As a new type of green and pollution-free water treatment technology (Esmaeilnezhad et al. 2017), magnetization is simple, efficient, and low input (Luo et al. 2020). It has been widely used in wastewater treatment (Ji et al. 2010), water purification (Yao et al. 2019), scale reduction (Sohaili et al. 2016), construction (Ghorbani et al. 2019), materials (Pour et al. 2017), textiles (Lipus et al. 2013), and aquaculture (Hassan et al. 2019). The basic principle of magnetized water is that after the liquid water passes through a certain intensity magnetic field at a given flow rate, a series of changes have taken place in the physical and chemical properties of water under the influence of Lorentz force (Chibowski & Szcześ 2018), which appears to create the possibility of improving the production capacity of fresh water (Ambashta & Sillanpää 2010). The development of magnetized water research has achieved good results in agricultural irrigation (Selim & Selim 2019; Sultan et al. 2019), and study on irrigation experiments with magnetized brackish water showed reduced harm of brackish water, promotion of crop growth, and increased crop yields (Hachicha et al. 2018; Liu et al. 2020). Surendran et al. (2016) indicated that under field conditions, the yield of eggplant under magnetized water irrigation increased by 17.0%. Mahmoud et al. (2019) showed that the grain yield, straw yield, and biological yield of magnetized brackish water increased by 19.24%, 33.97%, and 26.99%, respectively. Moreover, studies on the early growth of crops found that magnetized water irrigation significantly improved germination rate, germination index, activity index, salt tolerance index, and other physiological factors of corn (Zea mays L.) seeds, and promoted the growth of maize seedlings under saline conditions (Aghamir et al. 2015). Sayed (2014) indicated that magnetized water treatment had a significant positive effect on plant growth parameters (i.e. height, leaf area, leaf, stem, root fresh weight, and dry weight) of broad bean (Vicia Faba L.) seedlings. Studies on the utilization of light energy of crops by magnetic water showed that the net photosynthetic rate, stomatal conductance, intercellular CO2 concentration and water use efficiency of Populus×euramericana ‘Neva’ in magnetized brackish water irrigation were all increased, while transpiration rate and stomatal limit values decreased compared with that of unmagnetized water (Liu et al. 2019). Alfaidi et al. (2017) found that the contents of chlorophyll a, b, carotenoids, total pigment, soluble protein, and total protein in guinea grass (panicum maximum) leaves significantly increased after irrigating with magnetized water. Research indicates that the growth promoting effect of magnetized water appears to be related to the magnetic field strength and irrigation water quality. Massah et al. (2019) indicated that the intensity of the magnetic field and the type of treated water had a significant effect on the germination and growth characteristics of wheat seeds. The germination rate of seeds treated with 400 mT of distilled water was the highest (53.3%), the fresh weight of seedlings treated with 600 mT of distilled water was the highest, and the root length of wheat seeds treated with 400 mT of groundwater was the largest (155.3 mm).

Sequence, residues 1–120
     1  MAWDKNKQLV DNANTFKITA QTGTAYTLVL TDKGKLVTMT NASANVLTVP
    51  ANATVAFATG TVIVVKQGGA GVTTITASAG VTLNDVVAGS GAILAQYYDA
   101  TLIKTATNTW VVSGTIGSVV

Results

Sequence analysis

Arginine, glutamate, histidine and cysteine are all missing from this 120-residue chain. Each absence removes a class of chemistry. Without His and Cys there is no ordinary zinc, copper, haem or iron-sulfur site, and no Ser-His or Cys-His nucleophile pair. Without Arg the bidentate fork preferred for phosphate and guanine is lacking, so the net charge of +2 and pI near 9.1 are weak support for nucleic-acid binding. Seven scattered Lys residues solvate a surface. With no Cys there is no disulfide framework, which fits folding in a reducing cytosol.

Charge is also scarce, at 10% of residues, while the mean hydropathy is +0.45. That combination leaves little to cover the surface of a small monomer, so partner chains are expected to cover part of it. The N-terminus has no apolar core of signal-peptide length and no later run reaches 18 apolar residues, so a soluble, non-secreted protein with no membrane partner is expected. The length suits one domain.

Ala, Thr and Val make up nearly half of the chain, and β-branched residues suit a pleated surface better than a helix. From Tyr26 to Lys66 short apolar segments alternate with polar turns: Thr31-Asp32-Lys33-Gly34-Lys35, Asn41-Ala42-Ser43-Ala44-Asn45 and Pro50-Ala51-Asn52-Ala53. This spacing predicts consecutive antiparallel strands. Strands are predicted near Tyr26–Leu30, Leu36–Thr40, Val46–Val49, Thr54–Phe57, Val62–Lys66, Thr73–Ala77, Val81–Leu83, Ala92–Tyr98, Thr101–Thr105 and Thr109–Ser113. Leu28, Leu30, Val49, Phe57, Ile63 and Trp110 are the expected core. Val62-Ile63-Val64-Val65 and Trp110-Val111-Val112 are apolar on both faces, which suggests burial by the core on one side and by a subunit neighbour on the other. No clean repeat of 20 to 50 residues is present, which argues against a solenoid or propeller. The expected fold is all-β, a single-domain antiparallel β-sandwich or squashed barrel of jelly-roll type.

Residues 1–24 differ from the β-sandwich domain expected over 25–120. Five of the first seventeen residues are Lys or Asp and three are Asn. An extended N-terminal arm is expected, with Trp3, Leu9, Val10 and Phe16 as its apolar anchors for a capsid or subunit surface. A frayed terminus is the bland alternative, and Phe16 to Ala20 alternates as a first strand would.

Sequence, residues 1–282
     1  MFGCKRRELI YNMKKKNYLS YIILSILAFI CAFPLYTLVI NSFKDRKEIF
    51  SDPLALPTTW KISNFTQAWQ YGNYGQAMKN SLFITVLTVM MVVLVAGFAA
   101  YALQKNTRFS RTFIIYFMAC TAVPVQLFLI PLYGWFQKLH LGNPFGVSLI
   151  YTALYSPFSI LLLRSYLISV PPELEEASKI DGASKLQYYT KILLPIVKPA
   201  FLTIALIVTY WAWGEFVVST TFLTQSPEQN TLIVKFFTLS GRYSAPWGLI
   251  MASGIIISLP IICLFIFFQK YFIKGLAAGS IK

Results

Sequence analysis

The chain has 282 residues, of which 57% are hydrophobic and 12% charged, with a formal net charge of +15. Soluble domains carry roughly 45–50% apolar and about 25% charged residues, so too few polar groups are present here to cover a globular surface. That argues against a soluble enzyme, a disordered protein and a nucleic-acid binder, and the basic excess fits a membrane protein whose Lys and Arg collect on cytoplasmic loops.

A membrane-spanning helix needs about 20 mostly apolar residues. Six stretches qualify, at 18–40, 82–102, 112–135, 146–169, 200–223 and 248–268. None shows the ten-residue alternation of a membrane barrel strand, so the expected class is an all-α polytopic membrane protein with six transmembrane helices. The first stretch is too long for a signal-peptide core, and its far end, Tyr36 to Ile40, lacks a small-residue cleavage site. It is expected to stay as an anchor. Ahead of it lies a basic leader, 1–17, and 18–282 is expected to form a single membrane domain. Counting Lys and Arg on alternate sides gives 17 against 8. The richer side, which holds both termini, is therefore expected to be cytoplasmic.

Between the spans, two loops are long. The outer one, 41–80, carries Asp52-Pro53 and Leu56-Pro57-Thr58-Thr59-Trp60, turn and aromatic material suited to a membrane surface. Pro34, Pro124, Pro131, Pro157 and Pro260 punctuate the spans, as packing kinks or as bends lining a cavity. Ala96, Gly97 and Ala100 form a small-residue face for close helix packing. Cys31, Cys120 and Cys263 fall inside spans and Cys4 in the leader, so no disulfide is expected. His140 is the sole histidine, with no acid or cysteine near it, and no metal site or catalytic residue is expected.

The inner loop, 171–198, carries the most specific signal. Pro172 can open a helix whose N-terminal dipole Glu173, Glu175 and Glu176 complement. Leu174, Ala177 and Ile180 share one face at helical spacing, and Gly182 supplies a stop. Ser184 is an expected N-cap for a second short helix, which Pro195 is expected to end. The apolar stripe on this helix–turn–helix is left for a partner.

In summary, remarkable achievements have been made in irrigated wheat, corn, broad bean, and eggplant with magnetized water; nevertheless, research on irrigating cotton with magnetized water is scarce. At the same time, most of the studies on magnetized water irrigation focus on the application of brackish water, while there are few studies on magnetization of fresh water. Therefore, it is of interest to explore the effects of MFW with different magnetic fields on the growth of cotton, especially on the fragile and sensitive seedling stage of cotton growth. Thus, this paper target the analysis of cotton seed germination, seedling emergence, seedling growth, photosynthetic characteristics parameters, and biomass distribution pattern, along with studying physical and chemical properties of MFW, and the effects of MFW with different magnetization intensities (0, 100, 300, 500 mT). Cotton seedling growth and photosynthetic characteristics were discussed, and suitable magnetization intensities for cotton seed germination and seedling growth determined. The results can provide theoretical basis and technical support for the efficient utilization of fresh water resources in arid and semi-arid areas.